Note from NAS: The following op-ed appeared in the Bowdoin Orient today, inviting Bowdoin College students to meet with NAS president Peter Wood and to attend the conference “Global Illusions: Bowdoin’s Post-Citizens and the Future of American Higher Education” at the Inn at Brunswick Station in Maine next Thursday, February 6th. We invite all interested students, faculty members, staff, and other individuals to see the schedule and registration information here.
Resuming the Conversation
Last April, the National Association of Scholars issued What Does Bowdoin Teach? How a Contemporary Liberal Arts College Shapes Students. The 376-page report has attracted favorable and continuing interest around the nation and abroad. Harvey Mansfield, professor of government at Harvard, declared, “There’s nothing like this in literature—a complete, top to bottom treatment of a college. The analysis is excellent.” Professor Jean Yarbrough said in the pages of The Bowdoin Orient that “much of what the NAS report describes is, I am sorry to say, spot on.” Professor Stephen Meardon wrote, also in the Orient, that the report deserves a serious hearing. Even Professor Paul Franco, who heartily disliked the study, admitted that “some of the issues raised in the NAS report are of vital importance: the specialization and fragmentation of college curricula; the need for a more thoughtful and robust set of general education requirements; the excessive number of courses devoted to race, gender, and sexuality; and so forth.”
All of this would seem to indicate that What Does Bowdoin Teach? ought to be the starting point for a discussion. And indeed that has happened—at Williams, Amherst, Middlebury, and as far away as Minnesota, Ontario, Florida, and California.
But at Bowdoin, What Does Bowdoin Teach? remains somewhat in the shadows. It is referred to at times by students and faculty members, but the college’s “official” position, enunciated by President Mills a week after the report was issued, is that what we wrote is an “attack” on the college, “mean-spirited” and “personal” in character, and therefore unworthy of any real attention.
I would like to invite the Bowdoin community to take a more careful look at the report. As it happens, I will be in Brunswick on the evenings of February 5 and 6, and all day February 7, and would welcome the opportunity to meet with students, faculty members, and administrators who would like to discuss matters raised in the report. (Email me at [email protected].)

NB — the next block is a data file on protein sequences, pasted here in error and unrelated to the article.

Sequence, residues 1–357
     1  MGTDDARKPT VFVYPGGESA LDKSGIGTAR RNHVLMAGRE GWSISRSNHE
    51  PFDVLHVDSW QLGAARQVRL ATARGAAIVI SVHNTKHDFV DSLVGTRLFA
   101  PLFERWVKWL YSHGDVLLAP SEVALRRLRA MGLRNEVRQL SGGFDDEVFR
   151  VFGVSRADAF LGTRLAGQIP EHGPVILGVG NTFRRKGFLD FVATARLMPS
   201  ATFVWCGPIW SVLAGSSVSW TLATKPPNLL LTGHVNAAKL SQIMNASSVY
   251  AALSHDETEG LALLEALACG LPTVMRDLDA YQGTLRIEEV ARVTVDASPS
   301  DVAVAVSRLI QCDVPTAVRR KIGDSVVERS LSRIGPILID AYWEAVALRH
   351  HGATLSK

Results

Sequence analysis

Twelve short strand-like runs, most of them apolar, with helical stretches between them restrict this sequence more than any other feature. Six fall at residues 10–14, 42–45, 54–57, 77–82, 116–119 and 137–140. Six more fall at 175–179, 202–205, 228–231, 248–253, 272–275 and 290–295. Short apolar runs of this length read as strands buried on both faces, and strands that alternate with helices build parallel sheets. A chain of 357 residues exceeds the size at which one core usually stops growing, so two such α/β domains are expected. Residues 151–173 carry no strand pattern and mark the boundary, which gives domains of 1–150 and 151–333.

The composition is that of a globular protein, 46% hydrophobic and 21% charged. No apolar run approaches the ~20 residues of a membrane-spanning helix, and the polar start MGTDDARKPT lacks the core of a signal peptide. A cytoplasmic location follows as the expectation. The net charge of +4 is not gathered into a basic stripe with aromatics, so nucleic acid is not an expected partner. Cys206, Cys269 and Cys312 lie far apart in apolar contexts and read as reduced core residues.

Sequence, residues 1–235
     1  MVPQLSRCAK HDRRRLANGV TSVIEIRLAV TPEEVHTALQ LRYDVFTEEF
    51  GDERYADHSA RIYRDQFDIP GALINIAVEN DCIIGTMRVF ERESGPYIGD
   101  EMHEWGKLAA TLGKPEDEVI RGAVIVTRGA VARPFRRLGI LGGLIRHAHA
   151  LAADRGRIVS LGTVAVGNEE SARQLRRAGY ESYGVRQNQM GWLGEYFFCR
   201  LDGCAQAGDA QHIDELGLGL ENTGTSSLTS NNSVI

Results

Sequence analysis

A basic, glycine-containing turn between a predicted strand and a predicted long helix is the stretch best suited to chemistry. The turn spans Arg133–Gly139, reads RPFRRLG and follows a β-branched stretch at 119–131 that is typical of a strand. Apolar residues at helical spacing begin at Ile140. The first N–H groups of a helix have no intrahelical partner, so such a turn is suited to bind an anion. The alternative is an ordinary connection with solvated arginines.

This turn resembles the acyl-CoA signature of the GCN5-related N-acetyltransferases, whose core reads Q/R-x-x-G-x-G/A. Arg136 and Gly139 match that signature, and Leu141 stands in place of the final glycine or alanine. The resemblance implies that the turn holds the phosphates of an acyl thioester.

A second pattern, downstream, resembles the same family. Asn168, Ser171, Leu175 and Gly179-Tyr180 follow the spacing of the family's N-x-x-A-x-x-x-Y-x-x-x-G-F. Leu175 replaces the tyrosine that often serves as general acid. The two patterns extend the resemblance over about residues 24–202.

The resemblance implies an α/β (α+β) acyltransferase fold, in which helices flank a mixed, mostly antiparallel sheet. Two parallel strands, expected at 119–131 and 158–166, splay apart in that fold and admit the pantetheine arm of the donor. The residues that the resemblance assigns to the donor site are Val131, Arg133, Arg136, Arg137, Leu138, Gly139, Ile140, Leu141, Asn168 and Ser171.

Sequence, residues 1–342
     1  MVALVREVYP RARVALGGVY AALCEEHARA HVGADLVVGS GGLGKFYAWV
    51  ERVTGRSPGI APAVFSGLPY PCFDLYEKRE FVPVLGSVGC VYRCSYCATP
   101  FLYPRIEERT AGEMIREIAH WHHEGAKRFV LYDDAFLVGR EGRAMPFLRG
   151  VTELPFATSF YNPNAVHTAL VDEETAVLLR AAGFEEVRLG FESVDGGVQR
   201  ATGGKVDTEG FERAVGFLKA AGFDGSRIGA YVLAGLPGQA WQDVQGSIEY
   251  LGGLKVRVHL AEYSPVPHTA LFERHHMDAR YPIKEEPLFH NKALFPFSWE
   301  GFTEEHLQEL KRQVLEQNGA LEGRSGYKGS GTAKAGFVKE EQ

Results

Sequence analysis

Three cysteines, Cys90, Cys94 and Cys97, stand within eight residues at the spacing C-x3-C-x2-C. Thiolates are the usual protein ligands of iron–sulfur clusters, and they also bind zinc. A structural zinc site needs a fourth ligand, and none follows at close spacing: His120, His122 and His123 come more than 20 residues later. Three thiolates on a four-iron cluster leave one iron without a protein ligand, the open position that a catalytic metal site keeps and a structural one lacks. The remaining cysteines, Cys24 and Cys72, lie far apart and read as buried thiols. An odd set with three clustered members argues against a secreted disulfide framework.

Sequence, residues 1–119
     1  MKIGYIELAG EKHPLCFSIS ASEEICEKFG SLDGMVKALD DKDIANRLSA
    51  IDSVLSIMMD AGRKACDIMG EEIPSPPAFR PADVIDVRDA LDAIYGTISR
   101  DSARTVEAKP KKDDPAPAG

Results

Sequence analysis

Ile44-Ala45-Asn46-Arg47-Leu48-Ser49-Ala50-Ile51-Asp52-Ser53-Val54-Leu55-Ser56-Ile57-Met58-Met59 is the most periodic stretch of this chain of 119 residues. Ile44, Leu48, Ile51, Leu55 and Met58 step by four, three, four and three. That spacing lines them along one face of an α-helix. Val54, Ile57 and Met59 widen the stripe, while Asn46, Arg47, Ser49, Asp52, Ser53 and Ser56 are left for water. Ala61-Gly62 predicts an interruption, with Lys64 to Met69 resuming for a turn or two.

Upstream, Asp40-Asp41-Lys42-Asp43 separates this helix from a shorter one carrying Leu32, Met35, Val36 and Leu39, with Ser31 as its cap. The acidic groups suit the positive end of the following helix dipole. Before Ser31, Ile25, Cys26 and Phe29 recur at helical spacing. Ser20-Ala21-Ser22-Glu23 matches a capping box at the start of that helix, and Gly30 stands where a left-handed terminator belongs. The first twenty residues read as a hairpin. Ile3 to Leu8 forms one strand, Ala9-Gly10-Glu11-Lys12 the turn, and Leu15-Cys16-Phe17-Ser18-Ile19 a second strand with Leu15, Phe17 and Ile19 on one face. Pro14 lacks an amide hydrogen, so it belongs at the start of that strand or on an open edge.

On Thursday, February 6, beginning at 9AM, the Maine Heritage Policy Center will hold a conference at the Inn at Brunswick Station which will draw on What Does Bowdoin Teach? The title of the conference is “Global Illusions: Bowdoin’s Post-Citizens and the Future of American Higher Education.” The aim is to examine the idea, popular on many campuses, that students should strive to be “citizens of the world.”
The speakers will include Herb London (former John M. Olin Professor of Humanities at New York University), Michael Poliakoff (Rhodes Scholar, classicist, former VP for Academic Affairs at the University of Colorado), KC Johnson (professor of history at Brooklyn College), John Fonte (historian and author of Sovereignty or Submission: Will Americans Rule Themselves or be Ruled by Others?), Susan Shell (professor of political science at Boston College), and me. Space is limited and those wishing to attend should contact Kate Clark at the Maine Heritage Policy Center at [email protected] or (207) 321-2550. The 9AM panel has not been widely advertised to ensure that there is space for members of the Bowdoin community.
I hope you will consider joining us.
National Association of Scholars